Qilian Mountains

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Qilian Mountains

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Coordinates39°12′N 98°32′E

Qilian Mountains
祁連山
Qilian in Qilian Qinghai.jpg

Qilian Mountains in Qilian CountyQinghai
Highest point
Peak Kangze’gyai
Elevation 5,808 m (19,055 ft)
Geography
DEMQilianShan.png
Location Gansu and Qinghai provinces, China

The Qilian Mountains (simplified Chinese祁连山traditional Chinese祁連山pinyinQílián ShānWade–GilesCh’i2-lien2 Shan1, also romanized as TsilienMongghul: Chileb), together with the Altyn-Tagh (Altun Shan) also known as Nan Shan (Chinese南山, literally “Southern Mountains”), as it is to the south of Hexi Corridor, is a northern outlier of the Kunlun Mountains, forming the border between Qinghai and the Gansu provinces of northern China.[1]

Geography[edit]

The range stretches from the south of Dunhuang some 800  km to the southeast, forming the northeastern escarpment of the Tibetan Plateau and the southwestern border of the Hexi Corridor.

The eponymous Qilian Shan peak, situated some 60 km south of Jiuquan, at 39°12′N 98°32′E, rises to 5,547 m. It is the highest peak of the main range, but there are two higher peaks further south, Kangze’gyai at 38°30′N 97°43′E with 5,808 m and Qaidam Shan peak at 38°2′N 95°19′E with 5,759 m. Other major peaks include Gangshiqia Peak in the east.

The Nan-Shan range continues to the west as Yema Shan (5,250 m) and Altun Shan (Altyn Tagh) (5,798 m). To the east, it passes north of Qinghai Lake, terminating as Daban Shan and Xinglong Shan near Lanzhou, with Maoma Shan peak (4,070 m) an eastern outlier. Sections of the Ming Dynasty‘s Great Wall pass along its northern slopes, and south of northern outlier Longshou Shan (3,616 m).

The Qilian mountains are the source of numerous, mostly small, rivers and creeks that flow northeast, enabling irrigated agriculture in the Hexi Corridor (Gansu Corridor) communities, and eventually disappearing in the Alashan Desert. The best known of these streams is the Ejin (Heihe) River. The region has many glaciers, the largest of which is the Touming Mengke.[2] These glaciers have undergone acceleration in their melting in recent decades.[3]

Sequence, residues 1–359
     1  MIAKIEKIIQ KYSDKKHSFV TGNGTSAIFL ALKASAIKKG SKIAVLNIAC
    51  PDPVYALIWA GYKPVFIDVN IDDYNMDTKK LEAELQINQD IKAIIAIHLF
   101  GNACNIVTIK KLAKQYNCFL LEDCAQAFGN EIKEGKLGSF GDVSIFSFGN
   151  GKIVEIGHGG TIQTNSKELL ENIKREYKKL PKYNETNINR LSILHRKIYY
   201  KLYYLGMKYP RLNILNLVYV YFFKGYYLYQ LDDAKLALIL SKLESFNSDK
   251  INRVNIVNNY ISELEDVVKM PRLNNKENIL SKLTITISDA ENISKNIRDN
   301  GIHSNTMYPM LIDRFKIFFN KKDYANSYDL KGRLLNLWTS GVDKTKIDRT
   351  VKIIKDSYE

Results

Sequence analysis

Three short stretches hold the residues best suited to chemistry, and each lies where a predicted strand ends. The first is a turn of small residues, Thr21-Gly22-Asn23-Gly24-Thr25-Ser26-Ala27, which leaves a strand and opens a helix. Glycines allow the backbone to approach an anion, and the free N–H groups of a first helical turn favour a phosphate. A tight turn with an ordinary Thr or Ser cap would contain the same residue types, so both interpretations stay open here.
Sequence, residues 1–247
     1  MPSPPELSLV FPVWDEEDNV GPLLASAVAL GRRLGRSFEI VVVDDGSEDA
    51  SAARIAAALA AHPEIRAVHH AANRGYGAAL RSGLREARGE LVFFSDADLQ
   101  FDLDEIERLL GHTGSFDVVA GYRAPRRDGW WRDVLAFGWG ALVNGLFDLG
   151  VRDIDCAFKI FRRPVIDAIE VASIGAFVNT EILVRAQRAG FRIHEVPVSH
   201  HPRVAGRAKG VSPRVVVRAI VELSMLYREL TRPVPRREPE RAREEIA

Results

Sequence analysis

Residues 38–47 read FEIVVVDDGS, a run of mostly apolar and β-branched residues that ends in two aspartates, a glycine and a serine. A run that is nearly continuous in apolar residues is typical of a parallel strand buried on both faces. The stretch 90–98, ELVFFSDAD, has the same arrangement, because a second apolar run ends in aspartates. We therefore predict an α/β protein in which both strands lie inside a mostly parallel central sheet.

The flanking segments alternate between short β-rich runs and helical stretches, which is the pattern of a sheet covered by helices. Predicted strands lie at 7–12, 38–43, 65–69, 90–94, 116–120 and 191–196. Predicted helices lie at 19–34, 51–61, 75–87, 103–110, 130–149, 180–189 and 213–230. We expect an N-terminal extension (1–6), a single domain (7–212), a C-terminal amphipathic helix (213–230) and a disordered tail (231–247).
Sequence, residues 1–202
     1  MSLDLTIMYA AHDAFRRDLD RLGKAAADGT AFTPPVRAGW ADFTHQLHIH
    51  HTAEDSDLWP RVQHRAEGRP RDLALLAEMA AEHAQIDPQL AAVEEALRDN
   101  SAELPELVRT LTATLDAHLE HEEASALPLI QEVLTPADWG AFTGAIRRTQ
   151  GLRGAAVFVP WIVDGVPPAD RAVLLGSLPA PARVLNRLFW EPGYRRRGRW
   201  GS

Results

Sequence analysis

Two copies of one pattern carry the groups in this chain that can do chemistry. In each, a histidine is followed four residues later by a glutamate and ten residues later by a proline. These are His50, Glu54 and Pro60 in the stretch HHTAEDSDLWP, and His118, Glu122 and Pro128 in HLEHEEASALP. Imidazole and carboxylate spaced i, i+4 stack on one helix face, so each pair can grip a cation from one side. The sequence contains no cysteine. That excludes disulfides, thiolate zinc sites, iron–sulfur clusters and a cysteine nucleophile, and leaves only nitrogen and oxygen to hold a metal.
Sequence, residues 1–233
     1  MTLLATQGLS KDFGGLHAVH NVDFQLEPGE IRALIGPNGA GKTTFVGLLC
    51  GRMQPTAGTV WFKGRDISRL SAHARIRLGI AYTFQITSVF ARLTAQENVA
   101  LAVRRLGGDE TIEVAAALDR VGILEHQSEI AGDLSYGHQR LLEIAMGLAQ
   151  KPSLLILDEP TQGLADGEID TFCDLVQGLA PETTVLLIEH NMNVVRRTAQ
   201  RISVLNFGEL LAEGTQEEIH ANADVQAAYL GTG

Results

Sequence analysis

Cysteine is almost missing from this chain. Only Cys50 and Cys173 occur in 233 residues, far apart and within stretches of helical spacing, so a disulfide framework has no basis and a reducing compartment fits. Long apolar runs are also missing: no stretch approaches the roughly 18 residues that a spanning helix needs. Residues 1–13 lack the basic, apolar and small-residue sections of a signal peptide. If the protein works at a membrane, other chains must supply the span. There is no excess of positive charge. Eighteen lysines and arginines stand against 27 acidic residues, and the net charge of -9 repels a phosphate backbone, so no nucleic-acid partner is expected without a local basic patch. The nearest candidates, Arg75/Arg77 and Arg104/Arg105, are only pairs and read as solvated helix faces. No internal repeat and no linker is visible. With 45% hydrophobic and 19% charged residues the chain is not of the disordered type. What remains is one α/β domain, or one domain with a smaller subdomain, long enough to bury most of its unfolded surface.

The characteristic ecosystem of the Qilian Mountains has been described by the World Wildlife Fund as the Qilian Mountains conifer forests.[4]

Biandukou (扁都口), with an altitude of over 3500 m, is a pass in the Qilian Mountains. It links Minle County of Gansu in the north and Qilian County of Qinghai in the south.[5]

History[edit]

View of Qilian Mountains

The Shiji mentions the “Qilian mountains” together with Dunhuang in relation to the homeland of the Yuezhi. This Qilian however has been suggested to be the mountains now known as Tian Shan, 1,500 km to the west.[6] Dunhuang has also been argued to be the Dunhong mountain.[7] Qilian (祁连) is said to be a Xiongnu word meaning “sky” (Chinese) according to Yan Shigu, a Tang Dynasty commentator on the Hanshu.[8] Sanping Chen (1998) suggested that 昊天 hàotiān, 祁連 qílián, and 赫連 Hèlián were all cognates and descended from multisyllabic Proto-Sinitic *gh?klien.[9]

The Tuyuhun were based around the Qilian mountains.

The mountain range was formerly known in European languages as Richthofen Range after Ferdinand von Richthofen, who was the Red Baron‘s explorer-geologist uncle.[10]

The mountain range gives its name to Qinghai’s Qilian County.

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